Something is stirring this Spring time
We think that the evidence of the benefits of a childhood that is nature-rich and full of outside play is becoming overwhelming, and growing exponentially. Organisations such as the Woodland Trust, The Wildlife Trusts, RSPB, the National Trust, multiple Play organisations, as well as many of our other partners, from individual parents to families and school groups and forest educators are doing their best to get kids outside. We know that many of you have been doing it for years too and that slowly things are changing, or maybe, just maybe, we’re reaching a tipping point.
Is Wild Time becoming a zeitgeist?
Over the last 12 months we’ve noticed something stirring. We’ve seen more and more brands start to pay attention too. The issues we care about so passionately are becoming a hot-topic in board rooms across the land. This brings up lots of issues for many of us about the role of brands in issues such as this. It is complex one but we’re firmly of the view that, if we want to truly make a dent in this issue, if we want to turn around decades of decline in outdoor play in a big way then we have to try many different approaches to do so and that includes working with brands. The reality is that most schools don’t (and can’t) do enough outdoor learning; they aren’t Forest Schools. The evidence shows us that many parents aren't able to provide sufficient wild time for their children and that the change isn't happening fast enough or mainstream enough. Sure, a groundswell of change is happening, but we’re impatient to make it happen sooner.
So our approach to working with a brand is this. If they are prepared to invest in this issue for the long-term, if they are willing to take advice from experts in the multiple sectors involved in this issue we’re prepared to start talking. If we think that we can influence the thinking within that organisation, the campaigns they run and the issues they invest in, we (like so many other not-for-profit organisations) will consider working with them for specific, clearly defined and time-limited projects. We think if we do that it can be good news for our movement and the Network as a whole.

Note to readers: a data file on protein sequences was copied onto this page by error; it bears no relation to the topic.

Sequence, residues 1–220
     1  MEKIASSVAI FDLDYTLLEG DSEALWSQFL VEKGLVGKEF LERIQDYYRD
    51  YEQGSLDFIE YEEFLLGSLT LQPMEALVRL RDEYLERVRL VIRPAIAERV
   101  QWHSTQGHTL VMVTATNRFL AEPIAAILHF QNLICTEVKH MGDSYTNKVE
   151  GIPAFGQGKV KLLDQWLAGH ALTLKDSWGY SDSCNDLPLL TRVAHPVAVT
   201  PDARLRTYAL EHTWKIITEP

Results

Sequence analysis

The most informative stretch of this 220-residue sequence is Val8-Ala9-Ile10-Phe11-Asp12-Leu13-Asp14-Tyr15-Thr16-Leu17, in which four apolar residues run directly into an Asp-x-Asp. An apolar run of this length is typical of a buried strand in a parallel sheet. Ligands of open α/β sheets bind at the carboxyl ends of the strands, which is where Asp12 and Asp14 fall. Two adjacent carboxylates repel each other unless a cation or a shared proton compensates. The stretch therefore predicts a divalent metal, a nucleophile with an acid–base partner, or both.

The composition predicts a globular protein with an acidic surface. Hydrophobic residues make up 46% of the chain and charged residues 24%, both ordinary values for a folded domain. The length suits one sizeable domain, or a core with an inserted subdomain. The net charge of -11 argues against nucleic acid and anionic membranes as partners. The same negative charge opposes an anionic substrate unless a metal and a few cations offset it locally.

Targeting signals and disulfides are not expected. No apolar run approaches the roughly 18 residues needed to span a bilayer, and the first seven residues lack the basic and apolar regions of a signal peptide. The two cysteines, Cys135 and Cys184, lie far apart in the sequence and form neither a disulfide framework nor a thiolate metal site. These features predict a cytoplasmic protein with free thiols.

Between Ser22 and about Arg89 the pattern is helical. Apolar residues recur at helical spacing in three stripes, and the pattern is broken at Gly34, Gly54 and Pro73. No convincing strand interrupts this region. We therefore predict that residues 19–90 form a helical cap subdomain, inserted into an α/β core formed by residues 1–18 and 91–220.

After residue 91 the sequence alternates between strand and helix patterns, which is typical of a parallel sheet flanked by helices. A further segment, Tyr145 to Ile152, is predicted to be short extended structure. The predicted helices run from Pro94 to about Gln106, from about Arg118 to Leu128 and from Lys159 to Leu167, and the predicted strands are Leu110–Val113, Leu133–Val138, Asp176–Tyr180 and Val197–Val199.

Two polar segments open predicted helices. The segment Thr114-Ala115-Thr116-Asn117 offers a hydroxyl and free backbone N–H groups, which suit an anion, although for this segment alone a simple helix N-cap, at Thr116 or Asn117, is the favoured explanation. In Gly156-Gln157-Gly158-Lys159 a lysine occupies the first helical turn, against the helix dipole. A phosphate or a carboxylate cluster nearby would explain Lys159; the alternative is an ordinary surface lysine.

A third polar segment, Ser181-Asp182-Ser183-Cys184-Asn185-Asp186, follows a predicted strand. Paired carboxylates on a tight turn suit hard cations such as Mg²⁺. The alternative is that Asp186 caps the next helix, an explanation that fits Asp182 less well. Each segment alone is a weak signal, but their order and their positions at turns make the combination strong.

That’s why we are supporting the Persil Dirt Is Good campaign and why this summer we’ll be working with them to provide solutions to many more parents than we could ever do on our own. We’re not here for a quick fix, but for a long-term change-making project. What’s more if we can direct more of the advertising noise directed at families into simply getting outdoors it’s a good thing.
What else is emerging?
Here are some of the other main conversations and issues that we spotted emerging this Spring and that are occupying our mind for how we move forward in the work we do.
The blame game
There is still a lot of careful thinking to be done and critical debate to be had about cause and effect of the barriers to Wild Time (space, time, screen and fear) and how these exacerbate each other. Who, for example, is responsible for the fact that children don’t go to parks to play alone? Bad parenting? It is because parks really are full of danger? Because they’re not very nice places to be in? Because getting to them in the first place almost impossible, thanks to roads and traffic? Is it because the commercial world promoted products such as video games that keep children indoors? Is it all of the above – and more? It varies from place to place, between cultures, between ages. It’s highly complex affecting systemic change globally.